Up In The Air *** (out of ****)

Director: Jason Reitman
Writers: Jason Reitman and Sheldon Turner based on the novel by Walter Kim
Cast: George Clooney, Vera Farmiga, Anna Kendrick, Jason Bateman, Amy Morton, Melanie Lynskey, J. K. Simmons
Rating: R (language and some sexual content)
Running Time: 109 min
Release Date (wide): 12/25/09

Ryan Bingham (George Clooney) has a rather distasteful job: Termination Facilitator. At least most people with any normal since of empathy would find it so. Ryan seems to be shut of from such feelings. He does understand them intellectually and can anticipate how people will react to the bad news. So he is quite good at what he does.

The film is very topical with all of the recent layoffs due to the recession. As Ryan’s boss Craig Gregory (Jason Bateman) says “bad times for them are good times for us.” So Ryan is “up in the air” quite a lot as he travels around the country racking up a lot of frequent flier miles while doing the dirty work for corporate managers who want to avoid the complications that go with all of the firings. He also has a lot of tricks that expedites his travels including techniques to get through security with less hassle, special cards that get him to the front of the line, and how to travel light to avoid checked luggage.

Being such a slick manipulative personality and single you might correctly expect that he would be hooking up with women that he met during his travels. And, that none of these relationships would truly be very close. So beings his relationship with Alex Gorgan (Vera Farmiga) an attractive business traveler he meets in a hotel bar. They meet for sex from time to time when their travels happen to cross paths. He never really gets to know her and this will lead to a major shock to him at that end of the story.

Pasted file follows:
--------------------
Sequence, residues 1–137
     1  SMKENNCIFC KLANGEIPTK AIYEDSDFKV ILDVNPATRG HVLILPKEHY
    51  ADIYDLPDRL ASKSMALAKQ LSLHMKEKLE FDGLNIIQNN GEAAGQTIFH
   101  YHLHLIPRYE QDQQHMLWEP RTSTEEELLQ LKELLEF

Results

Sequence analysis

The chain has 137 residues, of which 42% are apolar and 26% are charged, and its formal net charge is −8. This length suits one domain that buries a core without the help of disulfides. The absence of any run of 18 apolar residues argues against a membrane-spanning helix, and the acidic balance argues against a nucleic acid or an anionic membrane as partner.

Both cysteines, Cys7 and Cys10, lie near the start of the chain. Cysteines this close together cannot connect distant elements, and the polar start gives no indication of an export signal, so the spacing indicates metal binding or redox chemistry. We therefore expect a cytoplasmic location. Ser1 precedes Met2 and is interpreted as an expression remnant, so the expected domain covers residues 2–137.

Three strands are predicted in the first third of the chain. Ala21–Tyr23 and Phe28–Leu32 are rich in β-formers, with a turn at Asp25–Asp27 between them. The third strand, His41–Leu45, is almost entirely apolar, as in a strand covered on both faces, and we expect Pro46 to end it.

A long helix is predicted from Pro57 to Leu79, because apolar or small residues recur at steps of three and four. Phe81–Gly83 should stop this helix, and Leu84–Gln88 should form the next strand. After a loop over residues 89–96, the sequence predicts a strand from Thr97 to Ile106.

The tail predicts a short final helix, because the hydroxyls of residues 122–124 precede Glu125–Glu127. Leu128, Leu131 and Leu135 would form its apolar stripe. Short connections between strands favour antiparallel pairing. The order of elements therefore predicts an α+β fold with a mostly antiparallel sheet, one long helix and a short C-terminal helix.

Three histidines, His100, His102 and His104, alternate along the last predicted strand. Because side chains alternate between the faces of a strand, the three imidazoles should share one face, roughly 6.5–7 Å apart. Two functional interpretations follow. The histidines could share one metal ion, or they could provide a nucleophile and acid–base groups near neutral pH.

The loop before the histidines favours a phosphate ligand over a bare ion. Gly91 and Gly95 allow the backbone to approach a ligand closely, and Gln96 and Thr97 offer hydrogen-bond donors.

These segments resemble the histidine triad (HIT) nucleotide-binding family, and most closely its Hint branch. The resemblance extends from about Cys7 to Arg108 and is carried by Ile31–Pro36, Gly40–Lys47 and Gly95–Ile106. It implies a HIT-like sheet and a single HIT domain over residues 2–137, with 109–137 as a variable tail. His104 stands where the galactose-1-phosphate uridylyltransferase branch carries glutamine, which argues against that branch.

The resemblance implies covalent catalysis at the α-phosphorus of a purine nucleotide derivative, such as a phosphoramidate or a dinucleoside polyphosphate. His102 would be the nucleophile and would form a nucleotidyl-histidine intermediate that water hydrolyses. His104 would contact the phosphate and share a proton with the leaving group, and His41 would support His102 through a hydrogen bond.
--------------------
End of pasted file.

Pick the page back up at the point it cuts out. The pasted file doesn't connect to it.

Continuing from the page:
Things are about change for Ryan when his firm hires a spunky 23-year-old Cornell graduate, Natalie Keener (Anna Kendrick), who sells Craig on the idea that the firm can save a lot on travel costs firing people by video conference rather than in person. Ryan takes exception to this but is because he really thinks that those being fired deserve a personal touch or is it because it will stop his travels? At any rate Craig has Ryan take Natalie on the “road” with him to get some first hand experience firing people.

A little poetic justice occurs when Natalie’s boyfriend who she followed to Omaha, Nebraska, the home base of Ryan’s company, dumps her by e-mail while she is on travel. As an aside does her advocacy of electronic terminations stem from a desire to stay close to home rather than her claimed economic advantages? This traumatic event causes Natalie to open up to Ryan and Alex in one key scene. Then Ryan’s attendance at a family wedding causes him to question the solitary life on the road he has been living.

Clooney is always enjoyable in these roles as lawyer or corporate hatchet man. The film addresses the pain of the current wave of layoffs due to the recession. So this is not an up lifting film just as director Jason Reitman’s previous film Juno about teen pregnancy wasn’t either. It is just an observation on reality. Films like this tend to be favorites of professional critics but less so with the public. It’s just a bit depressing for the holiday season. But, it is an Oscar contender for 2010. Ho, ho, ho!

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